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Old 09-28-2008, 04:33 PM
MarkMan MarkMan is offline
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Oil Paint toxicity warning question...

Browsing around dickblick.com, I clicked on the pigment information for various colors of oil paint.

Some pigments carry a warning of "highly toxic of inhaled."

Does this mean if the paint is thinned and sprayed through an airbrush?

Or are the fumes from the paint toxic?

Anyone know?



Thanks,
Mark
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Old 09-28-2008, 04:42 PM
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DAK723 DAK723 is offline
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Re: Oil Paint toxicity warning question...

In terms of pigments being toxic, I am fairly certain they are referring to actual pigment particles - not fumes. Since the pigment particles are bound by the oil, under normal use, those particles do not become airborne. I do not know enough about airbrushing to know the dangers.

Don
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Old 09-28-2008, 06:16 PM
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AlbertSc AlbertSc is offline
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Re: Oil Paint toxicity warning question...

The danger of toxic pigments ground in oil is vastly over-rated so long as one takes a reasonable precaution not to eat any paint and to wash carefully after a session.

Airbrushing, however, does present some substantial dangers, for the aerosols can be quite dangerous, both in terms of pigment and vehicle. If you plan to use any sort of spray system, it would be well to wear a quality respirator mask and also some eye protection.

For many years, I worked as a staff artist in an art studio (gads, what we did in those halcyon days before Gates and Jobs destroyed the business!), and airbrushing was a common procedure, especially in working over product photographs to remove backgrounds, etc. All one had to do was blow one's nose a single time to realize how much airborne pigment is breathed in. Air laden with stuff like lead, cadmium, chrome and other heavy metals is something one might better avoid.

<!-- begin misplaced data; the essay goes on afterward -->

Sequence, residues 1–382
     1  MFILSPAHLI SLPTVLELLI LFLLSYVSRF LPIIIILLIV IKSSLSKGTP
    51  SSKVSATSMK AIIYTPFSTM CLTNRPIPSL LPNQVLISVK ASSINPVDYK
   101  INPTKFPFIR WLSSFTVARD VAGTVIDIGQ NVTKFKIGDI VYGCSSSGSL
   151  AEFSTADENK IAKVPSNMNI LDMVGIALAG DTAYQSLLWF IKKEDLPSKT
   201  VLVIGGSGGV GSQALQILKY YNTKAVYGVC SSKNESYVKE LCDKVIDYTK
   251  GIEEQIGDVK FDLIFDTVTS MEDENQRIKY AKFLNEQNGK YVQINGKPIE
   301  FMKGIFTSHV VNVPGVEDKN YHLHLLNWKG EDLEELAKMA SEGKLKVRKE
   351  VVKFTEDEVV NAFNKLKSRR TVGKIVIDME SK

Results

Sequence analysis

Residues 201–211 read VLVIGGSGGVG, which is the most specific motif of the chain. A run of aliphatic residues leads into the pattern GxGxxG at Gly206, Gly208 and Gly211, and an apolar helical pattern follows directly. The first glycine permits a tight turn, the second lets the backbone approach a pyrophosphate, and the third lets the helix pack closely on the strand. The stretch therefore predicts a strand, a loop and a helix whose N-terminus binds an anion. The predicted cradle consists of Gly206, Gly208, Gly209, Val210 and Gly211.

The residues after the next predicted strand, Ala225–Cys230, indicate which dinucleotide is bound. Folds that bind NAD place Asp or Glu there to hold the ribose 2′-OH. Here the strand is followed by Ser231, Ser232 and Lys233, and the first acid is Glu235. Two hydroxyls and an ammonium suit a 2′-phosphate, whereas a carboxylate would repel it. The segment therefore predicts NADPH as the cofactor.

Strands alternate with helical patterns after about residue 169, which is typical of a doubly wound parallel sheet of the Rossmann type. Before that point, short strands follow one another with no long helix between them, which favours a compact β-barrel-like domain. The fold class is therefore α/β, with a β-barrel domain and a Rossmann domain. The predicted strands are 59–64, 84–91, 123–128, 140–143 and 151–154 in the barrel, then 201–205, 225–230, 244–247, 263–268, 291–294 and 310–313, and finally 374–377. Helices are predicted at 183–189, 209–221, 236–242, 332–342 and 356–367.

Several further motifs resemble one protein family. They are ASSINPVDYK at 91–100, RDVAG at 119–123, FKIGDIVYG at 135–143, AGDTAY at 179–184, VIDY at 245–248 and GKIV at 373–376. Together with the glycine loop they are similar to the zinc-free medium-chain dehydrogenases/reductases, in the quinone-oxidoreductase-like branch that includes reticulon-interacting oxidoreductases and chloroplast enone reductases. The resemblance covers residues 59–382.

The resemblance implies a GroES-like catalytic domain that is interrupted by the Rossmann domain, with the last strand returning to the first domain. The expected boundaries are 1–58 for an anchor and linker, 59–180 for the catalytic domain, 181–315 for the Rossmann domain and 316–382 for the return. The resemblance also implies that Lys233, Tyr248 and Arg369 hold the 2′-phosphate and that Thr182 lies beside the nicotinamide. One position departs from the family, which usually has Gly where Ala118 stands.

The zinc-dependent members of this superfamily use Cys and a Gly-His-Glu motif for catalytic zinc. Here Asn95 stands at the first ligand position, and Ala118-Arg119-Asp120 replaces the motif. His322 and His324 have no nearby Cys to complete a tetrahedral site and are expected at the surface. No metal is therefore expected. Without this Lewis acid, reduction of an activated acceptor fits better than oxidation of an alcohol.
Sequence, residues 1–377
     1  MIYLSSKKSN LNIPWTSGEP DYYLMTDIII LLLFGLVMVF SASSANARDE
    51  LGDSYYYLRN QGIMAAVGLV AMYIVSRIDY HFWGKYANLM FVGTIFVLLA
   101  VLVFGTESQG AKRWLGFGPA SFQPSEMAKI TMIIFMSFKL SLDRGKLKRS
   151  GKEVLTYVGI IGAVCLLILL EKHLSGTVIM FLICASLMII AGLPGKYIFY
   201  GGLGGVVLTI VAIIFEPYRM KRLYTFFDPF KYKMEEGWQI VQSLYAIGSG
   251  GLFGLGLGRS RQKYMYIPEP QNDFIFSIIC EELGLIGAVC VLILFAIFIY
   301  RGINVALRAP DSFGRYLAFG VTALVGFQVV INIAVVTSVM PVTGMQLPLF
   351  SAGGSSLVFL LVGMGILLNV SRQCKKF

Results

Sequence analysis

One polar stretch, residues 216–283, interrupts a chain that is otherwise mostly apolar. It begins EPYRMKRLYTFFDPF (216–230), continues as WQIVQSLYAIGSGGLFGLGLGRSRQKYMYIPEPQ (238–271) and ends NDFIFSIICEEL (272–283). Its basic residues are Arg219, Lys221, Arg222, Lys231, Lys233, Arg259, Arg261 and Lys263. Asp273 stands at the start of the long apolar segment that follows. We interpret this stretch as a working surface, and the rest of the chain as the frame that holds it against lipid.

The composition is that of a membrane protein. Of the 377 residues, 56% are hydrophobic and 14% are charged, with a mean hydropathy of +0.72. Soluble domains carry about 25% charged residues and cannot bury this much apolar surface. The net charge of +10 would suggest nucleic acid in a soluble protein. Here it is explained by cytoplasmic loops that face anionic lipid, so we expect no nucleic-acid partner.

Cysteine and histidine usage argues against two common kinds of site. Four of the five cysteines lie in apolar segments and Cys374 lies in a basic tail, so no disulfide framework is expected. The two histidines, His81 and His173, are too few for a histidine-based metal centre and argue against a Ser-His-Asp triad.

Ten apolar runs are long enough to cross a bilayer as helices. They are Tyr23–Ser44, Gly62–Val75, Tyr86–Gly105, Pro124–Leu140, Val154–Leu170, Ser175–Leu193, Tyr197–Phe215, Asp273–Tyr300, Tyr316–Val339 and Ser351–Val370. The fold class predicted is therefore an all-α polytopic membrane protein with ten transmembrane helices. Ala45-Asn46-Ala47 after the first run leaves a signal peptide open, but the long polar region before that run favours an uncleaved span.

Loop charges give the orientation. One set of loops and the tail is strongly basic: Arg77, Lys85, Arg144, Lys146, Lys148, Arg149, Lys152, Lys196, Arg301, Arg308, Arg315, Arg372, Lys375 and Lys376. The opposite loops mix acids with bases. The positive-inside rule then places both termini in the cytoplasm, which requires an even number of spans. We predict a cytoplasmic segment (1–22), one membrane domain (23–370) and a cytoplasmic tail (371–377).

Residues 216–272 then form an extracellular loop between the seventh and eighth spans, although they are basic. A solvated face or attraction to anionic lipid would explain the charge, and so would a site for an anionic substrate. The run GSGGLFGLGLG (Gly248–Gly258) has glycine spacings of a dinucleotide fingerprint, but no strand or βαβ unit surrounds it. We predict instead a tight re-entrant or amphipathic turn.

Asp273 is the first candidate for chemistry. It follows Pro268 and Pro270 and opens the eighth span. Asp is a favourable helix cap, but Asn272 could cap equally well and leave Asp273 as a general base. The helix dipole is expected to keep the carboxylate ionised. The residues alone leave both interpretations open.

Also the vehicles, themselves, are being broadcast as tiny droplets -- unlike the usual vapor of an open can or brush washer. Again, you have only one liver and a pair of kidneys -- best make them last the entire journey, if you can.
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Old 09-28-2008, 06:32 PM
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Smokin Smokin is offline
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Re: Oil Paint toxicity warning question...

Like whats been said already, breathing in dust particles can be harmful.

Those who cook pigments in a furnace like with cerammics and pots are at most risk for inhailing harmful material/pigments. In oilpainting, the only thing airborne is the smell of the oil and solvents. Airbrushing and pastels are a different story which is why some of the more toxic pigments like lead or cads are not used anymore for those types of mediums.
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Old 09-28-2008, 06:46 PM
MarkMan MarkMan is offline
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Re: Oil Paint toxicity warning question...

Thanks, as always, folks.

I have no intention of airbrushing or spraying any paints. I just wanted to make sure that under "normal usage" there was no danger.

I fully understand the pastel concerns raised in one of the replies. It's the reason I'm returning to oil painting. After an afternoon session of using pastels, I sneezed and could not believe.... well, you get the picture. Oh, sure, I could wear a mask and wear gloves, and buy an expensive exhaust system, but it's not my cup of tea. Don't get me wrong, I admire the work done by pastelists who might be reading this, but it's just not for me.

Thanks again,
Mark
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Old 09-28-2008, 10:33 PM
Aires Aires is offline
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Re: Oil Paint toxicity warning question...

Normal usage is really just common sense. You wouldn't finger paint with lead based paints, cadmium or cobalt paints, none of those with the little astericks by the name. Nor would you want them in your foods and drinks. Oil binds the pigment particles well and the odors aren't dangerous unless you have an allergy that is activated by it. Good question and good thinking!
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